First Private Mission to the ISS
Space Adventures doubles number of spaceflight participants
by Carol Pinchefsky
The Space Adventures orbital spaceflight program is the only way for non-astronauts to visit the International Space Station ( ISS). Now, Space Adventures had brokered a deal that increases the number of spaceflight participants.
At a press conference today, Eric Anderson, Space Adventures president and CEO, announced that his company will be providing private missions to the ISS, rather than partnering with the Russian Space Agency.
Anderson said, “We’re here to open the frontier.”
This move frees up the seat on the Soyuz rocket usually given to a cosmonaut or astronaut. Now two passengers will be able to travel together, rather than one passenger visiting the ISS alone.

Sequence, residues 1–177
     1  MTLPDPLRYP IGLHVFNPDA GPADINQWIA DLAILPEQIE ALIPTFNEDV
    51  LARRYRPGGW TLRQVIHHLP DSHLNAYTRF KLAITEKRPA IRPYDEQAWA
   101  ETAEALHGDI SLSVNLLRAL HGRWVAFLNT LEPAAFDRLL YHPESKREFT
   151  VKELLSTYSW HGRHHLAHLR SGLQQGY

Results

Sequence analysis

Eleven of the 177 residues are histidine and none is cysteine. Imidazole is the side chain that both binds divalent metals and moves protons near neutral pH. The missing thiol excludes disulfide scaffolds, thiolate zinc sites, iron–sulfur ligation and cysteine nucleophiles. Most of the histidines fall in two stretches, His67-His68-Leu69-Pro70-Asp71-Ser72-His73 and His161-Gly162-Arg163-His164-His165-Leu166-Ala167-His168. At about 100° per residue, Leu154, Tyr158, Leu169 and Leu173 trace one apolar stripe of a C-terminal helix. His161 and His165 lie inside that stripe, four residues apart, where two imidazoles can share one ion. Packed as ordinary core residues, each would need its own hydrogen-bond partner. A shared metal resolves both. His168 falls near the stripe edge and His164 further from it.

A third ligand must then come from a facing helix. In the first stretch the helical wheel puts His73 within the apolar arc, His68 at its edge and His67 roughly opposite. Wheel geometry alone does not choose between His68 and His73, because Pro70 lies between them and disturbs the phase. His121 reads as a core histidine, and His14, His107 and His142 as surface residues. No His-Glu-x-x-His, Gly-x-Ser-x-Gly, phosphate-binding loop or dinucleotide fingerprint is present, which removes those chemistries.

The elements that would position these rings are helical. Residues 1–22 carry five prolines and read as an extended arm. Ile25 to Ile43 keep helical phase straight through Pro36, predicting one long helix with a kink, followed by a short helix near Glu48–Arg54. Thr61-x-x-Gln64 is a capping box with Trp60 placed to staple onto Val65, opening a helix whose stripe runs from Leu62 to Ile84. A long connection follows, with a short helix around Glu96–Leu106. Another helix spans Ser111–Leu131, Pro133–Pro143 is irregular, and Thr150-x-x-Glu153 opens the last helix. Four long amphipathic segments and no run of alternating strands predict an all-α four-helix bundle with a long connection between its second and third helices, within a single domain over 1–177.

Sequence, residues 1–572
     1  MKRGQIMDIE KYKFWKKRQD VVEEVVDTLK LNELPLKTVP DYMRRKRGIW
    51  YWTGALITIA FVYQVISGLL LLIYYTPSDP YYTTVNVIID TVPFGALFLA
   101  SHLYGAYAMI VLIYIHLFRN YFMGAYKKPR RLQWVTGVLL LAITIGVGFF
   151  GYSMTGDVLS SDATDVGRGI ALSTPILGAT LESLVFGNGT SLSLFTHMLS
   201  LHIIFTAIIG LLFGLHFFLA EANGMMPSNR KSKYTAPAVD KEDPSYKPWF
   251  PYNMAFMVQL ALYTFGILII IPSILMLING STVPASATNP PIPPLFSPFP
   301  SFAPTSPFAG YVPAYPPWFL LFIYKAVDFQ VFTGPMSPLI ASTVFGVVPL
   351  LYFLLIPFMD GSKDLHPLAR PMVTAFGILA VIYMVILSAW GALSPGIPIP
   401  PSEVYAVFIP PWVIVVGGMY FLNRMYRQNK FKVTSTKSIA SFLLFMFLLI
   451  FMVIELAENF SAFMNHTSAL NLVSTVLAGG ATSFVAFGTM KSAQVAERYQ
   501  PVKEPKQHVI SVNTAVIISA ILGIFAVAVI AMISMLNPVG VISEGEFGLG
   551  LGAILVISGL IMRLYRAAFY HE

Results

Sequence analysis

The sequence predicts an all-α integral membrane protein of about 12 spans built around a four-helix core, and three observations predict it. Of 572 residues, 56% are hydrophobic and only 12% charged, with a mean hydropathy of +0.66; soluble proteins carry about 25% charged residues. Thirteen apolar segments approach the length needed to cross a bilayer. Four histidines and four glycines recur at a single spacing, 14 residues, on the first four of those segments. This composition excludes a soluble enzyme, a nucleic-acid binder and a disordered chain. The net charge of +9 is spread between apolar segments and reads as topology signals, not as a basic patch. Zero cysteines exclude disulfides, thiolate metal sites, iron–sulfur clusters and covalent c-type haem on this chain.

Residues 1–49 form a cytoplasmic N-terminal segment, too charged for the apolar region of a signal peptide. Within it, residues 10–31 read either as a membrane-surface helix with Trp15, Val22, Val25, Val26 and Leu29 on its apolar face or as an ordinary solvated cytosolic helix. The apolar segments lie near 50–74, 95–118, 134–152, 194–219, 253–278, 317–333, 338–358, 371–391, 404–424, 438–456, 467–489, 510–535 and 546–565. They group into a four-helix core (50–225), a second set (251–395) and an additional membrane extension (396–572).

Space adventurers will fly to the ISS in a specially designed Soyuz rocket, piloted by a cosmonaut. Anderson says production of the Soyuz rockets will increase from two to four a year.
According to Alexey B. Krasnov of the Roskosmos, “This private mission, flying two Space Adventures’ clients at once, will not interfere with the implementation of the ISS program or the obligations of the Russian space agency; on the contrary, it shall add flexibility and redundancy to our ISS transportation capabilities.” (Of course, it also doubles Space Adventure’s income.)
Anderson believes that orbital tourism will pave the way for tourist missions to the moon. “We’re no longer a space tourism company. We’re a space mission company.company.... We look forward to pioneering the future.”
Their first mission will take place in the latter half of 2011.